Is that a new type of tablecloth? What do you call it, the table rug? Uh, no. That is the 10′ x 12′ area rug from our basement, drying out after we got 8″ of rain in under 3 hours, most of it into our basement, it seems.

The Cape had one doozy of a storm on Friday night, with a torrential downpour of monsoon proportions. We were woken by a flash flood warning on our iPhones at around 11:30 p.m., but were a bit too sanguine about it. We rolled over and went back to sleep, confident in the prowess of our sump pump. Big mistake. We were woken again at 1:30 a.m. with a different alarm going off – the water alarm, activated by a “water bug” near the furnace and hot water heater in our basement. At the opposite end of the basement from the problem, it turned out.

Springing out of bed and hastening downstairs and were greeted by 2″ of water swirling around the floor. Ugh. The source? This one window we have in the basement. The water was cascading in around the edges and had apparently been at it for quite some time. And the sump pump was not working. At all. Nada. Zip. Nothing. Radio silence. Grrrrr. 

Glenn dashed outside to see what could be done. We are situated in a low spot with wetlands on one side of us, fed by a pond behind us. The former owners had installed a 14″ pipe going down one side of the property to help move the water into the wetlands, and the grate to that sometimes gets clogged. It was partially obstructed, so Glenn moved the grate to one side and the effect was immediate.

Water gushed down the drain in a classic whirlpool pattern, alleviating some of the flow into our backyard, which was now under 5″ of water. 

Looks so serene in the is picture doesn’t it?


Well, here it is with the water cascading over the rock wall and down the stairs, like a water feature in a landscape. 


Water feature it certainly was, and it was filling the window well.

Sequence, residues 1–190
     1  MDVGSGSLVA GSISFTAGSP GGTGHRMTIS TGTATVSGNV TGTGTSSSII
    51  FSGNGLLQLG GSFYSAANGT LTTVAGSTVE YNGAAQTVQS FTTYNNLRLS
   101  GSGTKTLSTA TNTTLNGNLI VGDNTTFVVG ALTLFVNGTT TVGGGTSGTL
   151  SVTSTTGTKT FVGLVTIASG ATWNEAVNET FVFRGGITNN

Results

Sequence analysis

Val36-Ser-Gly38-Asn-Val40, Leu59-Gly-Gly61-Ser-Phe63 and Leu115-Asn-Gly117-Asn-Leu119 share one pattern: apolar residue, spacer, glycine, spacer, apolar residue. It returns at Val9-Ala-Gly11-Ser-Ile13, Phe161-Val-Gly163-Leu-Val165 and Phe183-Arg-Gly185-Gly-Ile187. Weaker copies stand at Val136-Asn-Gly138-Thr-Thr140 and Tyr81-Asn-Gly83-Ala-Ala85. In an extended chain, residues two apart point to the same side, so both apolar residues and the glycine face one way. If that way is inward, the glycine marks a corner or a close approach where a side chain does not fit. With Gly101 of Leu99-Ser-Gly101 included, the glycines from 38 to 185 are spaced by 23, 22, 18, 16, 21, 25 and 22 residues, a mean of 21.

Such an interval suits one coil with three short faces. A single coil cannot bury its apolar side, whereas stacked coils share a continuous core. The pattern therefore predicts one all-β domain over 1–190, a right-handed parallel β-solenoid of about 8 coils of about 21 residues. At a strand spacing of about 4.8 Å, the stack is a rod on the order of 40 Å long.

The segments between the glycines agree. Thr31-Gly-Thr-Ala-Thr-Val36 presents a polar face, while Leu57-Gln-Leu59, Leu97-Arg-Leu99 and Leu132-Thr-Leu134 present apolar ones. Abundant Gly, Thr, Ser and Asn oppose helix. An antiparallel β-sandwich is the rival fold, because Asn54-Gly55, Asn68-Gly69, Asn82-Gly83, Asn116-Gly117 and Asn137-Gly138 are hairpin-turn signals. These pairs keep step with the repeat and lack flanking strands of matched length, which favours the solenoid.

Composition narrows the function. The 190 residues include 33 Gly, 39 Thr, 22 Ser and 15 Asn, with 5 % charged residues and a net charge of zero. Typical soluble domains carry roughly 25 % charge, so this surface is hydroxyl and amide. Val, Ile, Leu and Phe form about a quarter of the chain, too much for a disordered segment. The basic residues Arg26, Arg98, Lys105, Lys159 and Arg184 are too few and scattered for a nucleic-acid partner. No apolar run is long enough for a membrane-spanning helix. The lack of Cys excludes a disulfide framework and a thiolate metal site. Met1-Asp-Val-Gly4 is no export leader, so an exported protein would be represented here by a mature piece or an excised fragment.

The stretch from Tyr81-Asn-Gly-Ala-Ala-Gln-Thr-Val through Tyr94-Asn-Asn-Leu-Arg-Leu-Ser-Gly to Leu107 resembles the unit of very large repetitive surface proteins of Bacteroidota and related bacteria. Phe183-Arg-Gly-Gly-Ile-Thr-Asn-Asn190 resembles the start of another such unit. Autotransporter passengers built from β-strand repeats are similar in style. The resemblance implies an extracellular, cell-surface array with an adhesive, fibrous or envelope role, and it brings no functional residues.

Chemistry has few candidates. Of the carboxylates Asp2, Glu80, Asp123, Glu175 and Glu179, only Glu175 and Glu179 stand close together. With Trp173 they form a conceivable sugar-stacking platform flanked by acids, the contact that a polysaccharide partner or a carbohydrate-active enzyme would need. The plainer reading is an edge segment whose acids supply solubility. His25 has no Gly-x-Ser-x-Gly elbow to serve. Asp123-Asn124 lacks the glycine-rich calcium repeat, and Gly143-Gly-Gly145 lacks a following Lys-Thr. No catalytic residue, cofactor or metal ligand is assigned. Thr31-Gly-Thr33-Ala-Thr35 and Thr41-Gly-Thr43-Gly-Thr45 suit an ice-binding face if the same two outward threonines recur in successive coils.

Meanwhile, back at the ranch, I was trying to staunch the flow of water coming into the basement by holding up a garden trug to the window. It was filling in about two minutes. Luckily, the laundry tub is right nearby, so I was able to empty it into the tub and a pump carries the water out.

The rain started to slacken at this point, and Glenn bailed out the window well. Ok – so far, so good. The rain stopped cascading into the basement. Now we just had to deal with the gallons and gallons of water on the floor.

We called our contractor neighbour who has done a bunch of work for us and who looks after the house when we are away. He advised us to call a restoration company who offered 24 hour service.  We called. They answered the phone, yawning sleepily. “Yes? Hmmm.. er… um…well, yes… it is very wet. A lot of rain, you say? Yes, we’ve had several calls… We’ll call you back at 7:30 am…when it’s daylight…and we’ll need a credit card before we come…Good luck with the water…”  Very helpful. NOT.

So we set to with the trug. It’s flexible, so makes an excellent scoop. And scoop we did. From 2:00 am to 6:00 am we scooped and dumped. Scooped and dumped. We began to make progress. The water was no longer over my feet. When the water was too shallow to use the trug, we switched to the dustpan. Scoop and dump.

Our basement is about 1200 sq feet, and mostly finished.  The flooring is an engineered hardwood, so we had hope. If we could get the water off the floor quickly enough, it might be saved.